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Ancient Greek sculptures were colourful. Why does the white marble ideal persist?

For most people today, ancient Greek sculpture brings to mind images of pearly white human figures. Yet, ever since the first excavations of Pompeii in the 17th century, archeologists have known that these sculptures were painted in vivid colours. The German archeologists Vinzenz Brinkmann and Ulrike Koch-Brinkmann have been studying the polychromatic nature of ancient Greek sculptures for some four decades – a process that involves research through reconstruction. In this short film from the Metropolitan Museum of Art in New York, Brinkmann discusses their process, and why the visual code of white antique marble persists today.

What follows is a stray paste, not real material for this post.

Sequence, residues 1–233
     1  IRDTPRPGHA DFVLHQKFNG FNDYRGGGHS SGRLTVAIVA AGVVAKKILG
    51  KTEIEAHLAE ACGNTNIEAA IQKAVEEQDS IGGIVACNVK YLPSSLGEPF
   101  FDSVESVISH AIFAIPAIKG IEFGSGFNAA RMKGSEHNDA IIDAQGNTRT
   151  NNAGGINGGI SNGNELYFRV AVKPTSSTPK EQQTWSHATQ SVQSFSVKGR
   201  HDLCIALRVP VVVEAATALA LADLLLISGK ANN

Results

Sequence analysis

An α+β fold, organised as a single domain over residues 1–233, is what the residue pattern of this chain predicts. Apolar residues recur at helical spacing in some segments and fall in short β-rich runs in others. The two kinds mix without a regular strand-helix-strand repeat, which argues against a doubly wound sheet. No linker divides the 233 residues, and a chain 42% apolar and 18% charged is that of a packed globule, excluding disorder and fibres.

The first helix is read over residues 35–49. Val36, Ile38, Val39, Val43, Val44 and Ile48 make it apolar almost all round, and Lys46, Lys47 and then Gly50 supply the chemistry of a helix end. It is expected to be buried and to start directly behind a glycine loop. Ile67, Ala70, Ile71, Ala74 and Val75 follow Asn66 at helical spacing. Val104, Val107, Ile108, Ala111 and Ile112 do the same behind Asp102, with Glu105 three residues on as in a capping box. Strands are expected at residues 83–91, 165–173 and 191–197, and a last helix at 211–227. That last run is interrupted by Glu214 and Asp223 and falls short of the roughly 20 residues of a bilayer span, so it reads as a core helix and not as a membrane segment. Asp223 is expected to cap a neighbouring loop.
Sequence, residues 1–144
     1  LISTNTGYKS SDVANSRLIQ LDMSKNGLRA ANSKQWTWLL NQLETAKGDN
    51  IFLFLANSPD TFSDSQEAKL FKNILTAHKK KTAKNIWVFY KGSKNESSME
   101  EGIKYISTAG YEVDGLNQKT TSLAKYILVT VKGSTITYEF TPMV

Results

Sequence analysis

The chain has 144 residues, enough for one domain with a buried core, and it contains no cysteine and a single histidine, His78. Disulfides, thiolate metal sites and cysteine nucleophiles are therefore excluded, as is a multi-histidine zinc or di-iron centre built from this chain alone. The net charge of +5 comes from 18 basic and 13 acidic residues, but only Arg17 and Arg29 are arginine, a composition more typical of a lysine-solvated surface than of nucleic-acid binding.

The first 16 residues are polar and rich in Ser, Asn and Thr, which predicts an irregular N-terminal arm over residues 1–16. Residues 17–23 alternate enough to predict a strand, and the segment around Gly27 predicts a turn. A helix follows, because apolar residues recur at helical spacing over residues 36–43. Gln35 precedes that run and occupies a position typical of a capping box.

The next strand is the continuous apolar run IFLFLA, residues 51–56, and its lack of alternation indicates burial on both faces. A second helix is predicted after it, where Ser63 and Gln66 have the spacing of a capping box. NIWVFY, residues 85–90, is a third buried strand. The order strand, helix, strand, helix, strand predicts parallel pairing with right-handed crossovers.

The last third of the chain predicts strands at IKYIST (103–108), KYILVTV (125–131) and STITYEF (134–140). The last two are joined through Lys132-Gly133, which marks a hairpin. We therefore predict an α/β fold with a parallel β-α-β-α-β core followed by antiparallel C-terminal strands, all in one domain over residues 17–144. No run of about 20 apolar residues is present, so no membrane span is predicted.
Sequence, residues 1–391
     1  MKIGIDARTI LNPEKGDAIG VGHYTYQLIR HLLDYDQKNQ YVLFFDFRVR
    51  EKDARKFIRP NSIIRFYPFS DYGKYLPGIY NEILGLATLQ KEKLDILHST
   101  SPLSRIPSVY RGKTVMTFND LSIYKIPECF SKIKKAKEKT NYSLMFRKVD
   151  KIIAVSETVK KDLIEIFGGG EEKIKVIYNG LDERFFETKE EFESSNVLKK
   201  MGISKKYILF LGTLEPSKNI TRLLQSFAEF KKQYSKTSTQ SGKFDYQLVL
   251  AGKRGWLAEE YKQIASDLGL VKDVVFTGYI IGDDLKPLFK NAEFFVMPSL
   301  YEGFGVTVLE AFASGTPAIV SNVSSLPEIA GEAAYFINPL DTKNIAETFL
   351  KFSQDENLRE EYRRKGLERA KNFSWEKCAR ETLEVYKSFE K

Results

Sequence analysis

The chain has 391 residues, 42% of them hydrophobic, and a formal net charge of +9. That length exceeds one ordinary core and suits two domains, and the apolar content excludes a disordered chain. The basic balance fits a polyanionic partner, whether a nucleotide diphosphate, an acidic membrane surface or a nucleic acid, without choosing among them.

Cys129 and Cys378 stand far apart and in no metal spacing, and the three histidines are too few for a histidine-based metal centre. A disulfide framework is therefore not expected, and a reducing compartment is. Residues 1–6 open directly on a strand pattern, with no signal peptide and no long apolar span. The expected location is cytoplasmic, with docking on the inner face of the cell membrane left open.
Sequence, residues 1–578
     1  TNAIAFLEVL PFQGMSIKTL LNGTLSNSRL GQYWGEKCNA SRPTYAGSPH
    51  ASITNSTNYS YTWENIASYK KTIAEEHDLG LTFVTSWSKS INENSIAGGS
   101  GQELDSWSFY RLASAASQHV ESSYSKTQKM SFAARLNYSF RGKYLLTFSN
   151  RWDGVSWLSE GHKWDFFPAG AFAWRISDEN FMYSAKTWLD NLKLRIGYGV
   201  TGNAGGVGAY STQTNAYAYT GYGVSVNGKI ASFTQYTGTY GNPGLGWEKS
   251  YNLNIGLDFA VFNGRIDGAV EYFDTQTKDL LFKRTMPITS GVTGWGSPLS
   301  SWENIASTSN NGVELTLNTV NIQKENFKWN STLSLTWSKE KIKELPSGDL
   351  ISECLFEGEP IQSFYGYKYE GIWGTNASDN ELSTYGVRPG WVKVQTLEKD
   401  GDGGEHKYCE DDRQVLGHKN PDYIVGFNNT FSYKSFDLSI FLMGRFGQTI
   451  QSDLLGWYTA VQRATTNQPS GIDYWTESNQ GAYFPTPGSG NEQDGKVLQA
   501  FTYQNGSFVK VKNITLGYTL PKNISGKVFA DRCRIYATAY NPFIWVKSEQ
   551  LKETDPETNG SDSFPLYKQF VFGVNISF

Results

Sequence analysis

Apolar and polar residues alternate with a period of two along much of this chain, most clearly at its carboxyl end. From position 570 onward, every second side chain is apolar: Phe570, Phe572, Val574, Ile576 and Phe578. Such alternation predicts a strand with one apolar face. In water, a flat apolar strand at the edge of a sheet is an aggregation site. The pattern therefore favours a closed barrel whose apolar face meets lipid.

Video by the Metropolitan Museum of Art

Directors: Sarah Cowan, Jonathan Sanden

26 July 2022

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